Network data from the NetBlocks internet observatory confirm that Twitter, Facebook and Instagram, and messaging apps have been restored for many users across Iraq on 21 November 2019. The services were blocked fifty days ago by most internet providers in south Iraq as protests swept the country.
At the time of writing, network data show that access is restored by leading fixed-line/wifi internet provider Earthlink. There are also signs of recovery with mobile operator Zain, however overall connection quality and performance remain poor across most of the country, particularly with cellular networks.
Work is ongoing to identify other restrictions that remain in place across multiple service providers.
Confirmed: Social media partially restored in #Iraq after 50 days of filtering amid widespread protests; Twitter, Facebook and Instagram now unblocked with leading fixed-line/wifi provider Earthlink but other restrictions remain in place 📈#IraqProtestshttps://t.co/tmqYifkUKd
— NetBlocks.org (@netblocks) November 21, 2019
Iraq blocked social media platforms and restricted messaging apps on 2 October 2019. The restrictions were shortly followed by a near-total internet shutdown that cut off Iraq as protests escalated and evidence of targeted killings of protesters emerged.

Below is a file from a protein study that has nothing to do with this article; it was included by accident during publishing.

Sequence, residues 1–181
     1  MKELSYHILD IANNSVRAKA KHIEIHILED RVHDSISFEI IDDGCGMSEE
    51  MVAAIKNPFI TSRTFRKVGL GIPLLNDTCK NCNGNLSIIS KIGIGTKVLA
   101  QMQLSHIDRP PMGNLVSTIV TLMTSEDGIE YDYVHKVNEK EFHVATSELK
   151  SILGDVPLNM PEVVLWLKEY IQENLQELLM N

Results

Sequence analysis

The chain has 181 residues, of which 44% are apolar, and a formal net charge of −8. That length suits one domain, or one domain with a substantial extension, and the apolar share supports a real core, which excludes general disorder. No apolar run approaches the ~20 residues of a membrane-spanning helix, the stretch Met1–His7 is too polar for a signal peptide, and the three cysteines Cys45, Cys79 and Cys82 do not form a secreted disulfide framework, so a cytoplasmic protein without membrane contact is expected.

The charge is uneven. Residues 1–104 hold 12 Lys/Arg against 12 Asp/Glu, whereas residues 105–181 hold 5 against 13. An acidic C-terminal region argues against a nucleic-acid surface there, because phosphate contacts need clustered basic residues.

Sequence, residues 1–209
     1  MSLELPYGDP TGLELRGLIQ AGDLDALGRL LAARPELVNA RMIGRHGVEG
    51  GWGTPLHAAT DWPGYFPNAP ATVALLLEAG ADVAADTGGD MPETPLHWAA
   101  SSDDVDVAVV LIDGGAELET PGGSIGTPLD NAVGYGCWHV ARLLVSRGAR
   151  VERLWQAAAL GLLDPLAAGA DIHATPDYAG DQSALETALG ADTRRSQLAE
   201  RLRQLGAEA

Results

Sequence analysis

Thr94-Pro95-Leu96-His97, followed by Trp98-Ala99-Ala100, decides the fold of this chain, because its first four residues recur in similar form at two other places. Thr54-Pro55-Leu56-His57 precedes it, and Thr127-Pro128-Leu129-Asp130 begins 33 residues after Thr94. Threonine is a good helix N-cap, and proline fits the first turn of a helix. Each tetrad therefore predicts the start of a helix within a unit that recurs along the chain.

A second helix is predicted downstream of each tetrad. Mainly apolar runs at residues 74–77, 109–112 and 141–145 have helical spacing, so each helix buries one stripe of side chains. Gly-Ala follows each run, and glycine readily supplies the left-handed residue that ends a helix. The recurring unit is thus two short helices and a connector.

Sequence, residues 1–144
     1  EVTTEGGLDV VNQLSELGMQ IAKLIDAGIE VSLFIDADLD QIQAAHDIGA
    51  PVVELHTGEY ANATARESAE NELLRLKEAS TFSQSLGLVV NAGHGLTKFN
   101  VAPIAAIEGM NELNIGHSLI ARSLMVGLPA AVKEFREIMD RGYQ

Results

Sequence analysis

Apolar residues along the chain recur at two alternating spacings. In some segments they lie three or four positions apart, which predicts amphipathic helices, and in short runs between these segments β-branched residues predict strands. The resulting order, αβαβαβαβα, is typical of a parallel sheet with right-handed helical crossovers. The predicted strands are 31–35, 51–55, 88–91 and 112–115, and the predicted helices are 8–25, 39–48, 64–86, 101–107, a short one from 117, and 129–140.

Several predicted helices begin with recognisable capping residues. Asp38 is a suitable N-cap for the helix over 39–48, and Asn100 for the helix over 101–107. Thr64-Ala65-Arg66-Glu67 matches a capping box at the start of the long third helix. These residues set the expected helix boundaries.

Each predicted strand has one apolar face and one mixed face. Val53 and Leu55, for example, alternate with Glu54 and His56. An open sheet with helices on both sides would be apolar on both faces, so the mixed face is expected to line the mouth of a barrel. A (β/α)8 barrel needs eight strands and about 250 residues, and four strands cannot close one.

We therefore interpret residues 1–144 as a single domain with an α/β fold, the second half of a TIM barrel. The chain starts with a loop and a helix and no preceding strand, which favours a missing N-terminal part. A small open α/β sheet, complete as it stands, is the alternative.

The near-total shutdowns were implemented through much of October, and again through early November. Even at times internet access returned, social platforms remained blocked and overall service was highly slowed for most users:
Confirmed: #Iraq has blocked Facebook, Twitter, WhatsApp, Instagram and other platforms as of 12:30 UTC amid growing unrest as protesters approach Green Zone; network data show multiple providers affected; incident ongoing #Iraq_Protest #KeepItOn 📉
— NetBlocks.org (@netblocks) October 2, 2019
Internet performance and service reachability are determined via NetBlocks web probe measurements. Each measurement consists of latency round trip time, outage type and autonomous system identity aggregated in real-time to assess service availability and latency in a given country across service multiple network providers.
NetBlocks is a civil society group working at the intersection of digital rights, cyber-security and internet governance. Independent and non-partisan, NetBlocks strives for an open and inclusive digital future for all.